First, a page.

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by Michael Shapiro | January 13, 2012
Execs from Active Network and StarCite were on hand in San Diego at PCMA's Convening Leaders this week, eager to provide both background information and a big-picture view of what role the combined company can play in the industry. As I promised in my previous post, here are some more details.
 
First off, it seems StarCite made the initial move on Active. As StarCite president and CEO Greg Dukat described it, he called Active's execs a couple of years ago to see if they might be interested in selling off the corporate event piece of their business. Active declined, saying the company had plans for that division (of course, that corporate business, together with StarCite, has now been spun off as Active's Business Solutions division). For its part, Active resumed the conversation when word went out about StarCite seeking investors. Each company saw the potential in leveraging the other's complementary services and technology.
 
The upshot, explained JR Sherman, senior vice president and senior general manager of the new division, is that Active will now be able to aggregate event spend across all of a client's events, including the marketing costs for smaller events that typically might not be addressed by procurement. StarCite definitely has seen a demand for that, admitted Dukat, as many customers wanted to aggregate data StarCite previously couldn't pull in. A couple of consultants echoed that experience, referring to clients who had been frustrated by the fact they couldn't easily see the whole spend picture for the purposes of their SMM programs. StarCite and Active had about 11 customers in common previously, added Dukat, and said those clients are particularly excited about the integration.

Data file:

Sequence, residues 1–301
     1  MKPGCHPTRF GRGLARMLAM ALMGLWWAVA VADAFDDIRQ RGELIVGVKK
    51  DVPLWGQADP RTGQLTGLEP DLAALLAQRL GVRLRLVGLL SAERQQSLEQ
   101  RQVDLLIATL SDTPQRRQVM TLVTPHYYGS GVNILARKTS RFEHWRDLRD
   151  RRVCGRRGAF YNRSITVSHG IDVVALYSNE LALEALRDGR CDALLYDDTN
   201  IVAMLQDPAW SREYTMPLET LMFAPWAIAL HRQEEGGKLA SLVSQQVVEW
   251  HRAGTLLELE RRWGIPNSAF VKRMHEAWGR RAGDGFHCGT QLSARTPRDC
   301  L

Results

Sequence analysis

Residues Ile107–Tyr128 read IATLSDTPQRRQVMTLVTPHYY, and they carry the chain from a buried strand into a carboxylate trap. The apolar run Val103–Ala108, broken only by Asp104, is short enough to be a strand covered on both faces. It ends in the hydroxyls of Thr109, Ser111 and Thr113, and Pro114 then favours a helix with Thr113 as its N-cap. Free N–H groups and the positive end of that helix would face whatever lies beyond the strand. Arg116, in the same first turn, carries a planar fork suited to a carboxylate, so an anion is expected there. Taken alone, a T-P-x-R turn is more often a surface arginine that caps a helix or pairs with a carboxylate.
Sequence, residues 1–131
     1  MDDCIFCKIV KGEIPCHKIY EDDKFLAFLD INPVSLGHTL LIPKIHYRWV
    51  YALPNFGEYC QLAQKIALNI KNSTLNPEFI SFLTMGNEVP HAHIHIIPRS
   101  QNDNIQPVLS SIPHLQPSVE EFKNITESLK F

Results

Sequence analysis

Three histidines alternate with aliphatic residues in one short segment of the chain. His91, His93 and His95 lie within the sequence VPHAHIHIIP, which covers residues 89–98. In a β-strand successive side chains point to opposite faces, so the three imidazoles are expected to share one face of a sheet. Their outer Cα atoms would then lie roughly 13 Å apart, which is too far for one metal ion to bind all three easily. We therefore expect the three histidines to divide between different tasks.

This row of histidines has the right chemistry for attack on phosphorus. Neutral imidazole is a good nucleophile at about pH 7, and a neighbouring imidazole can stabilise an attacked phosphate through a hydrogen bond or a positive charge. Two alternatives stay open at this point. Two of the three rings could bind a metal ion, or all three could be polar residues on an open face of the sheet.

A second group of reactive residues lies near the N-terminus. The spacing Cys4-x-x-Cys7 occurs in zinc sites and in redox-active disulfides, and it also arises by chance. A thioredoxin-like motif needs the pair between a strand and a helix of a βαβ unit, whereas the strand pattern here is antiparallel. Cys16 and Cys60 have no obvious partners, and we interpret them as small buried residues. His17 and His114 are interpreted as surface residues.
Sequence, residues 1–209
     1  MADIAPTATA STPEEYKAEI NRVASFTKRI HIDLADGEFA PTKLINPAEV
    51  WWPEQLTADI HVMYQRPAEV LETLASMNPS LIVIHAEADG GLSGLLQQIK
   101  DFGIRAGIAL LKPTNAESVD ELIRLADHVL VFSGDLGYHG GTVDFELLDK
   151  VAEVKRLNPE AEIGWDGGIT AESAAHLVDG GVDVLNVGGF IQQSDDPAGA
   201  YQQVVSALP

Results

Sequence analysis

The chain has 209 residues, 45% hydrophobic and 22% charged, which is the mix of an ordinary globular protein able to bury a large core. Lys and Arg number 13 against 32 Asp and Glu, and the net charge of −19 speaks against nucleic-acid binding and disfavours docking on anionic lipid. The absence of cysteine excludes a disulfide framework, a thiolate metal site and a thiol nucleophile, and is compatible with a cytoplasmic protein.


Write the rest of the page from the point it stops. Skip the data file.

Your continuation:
Obviously, that overlap is a minuscule percentage of the newly combined company's overall customer base. (Active already has 47,000 customers.) That means Active can take its time with the integration, said Sherman. For the most part, StarCite customers and Active customers are still two different audiences. That's a reason, too, that for the foreseeable future StarCite's product lineup and name will remain as is.
 
The technical aspect of the integration shouldn't take very long, as both platforms were designed to integrate fairly easily with other systems. And it won't be long at all before Active will be able to aggregate data across the platforms, even before the technical integration is fully operational, said Sherman.
 
Although StarCite previously had a sourcing module for smaller events, the integration will open up a much more robust menu of services for planners of smaller meetings, indicated Kevin Iwamoto, StarCite's vice president of enterprise strategy. "Now we'll really have a responsibility to lead the industry," he said, "to find new metrics and measurements and to create new standards and best practices" for a more diverse clientele.

As for personnel changes, Dukat will stick around for a few months to assist with the integration. When that's done, he said, he might join another venture in the industry, but he has no definite plans. Beyond his own fate, Dukat doesn't anticipate any reduction to the StarCite work force. Active, he pointed out, is growing and looking to hire people.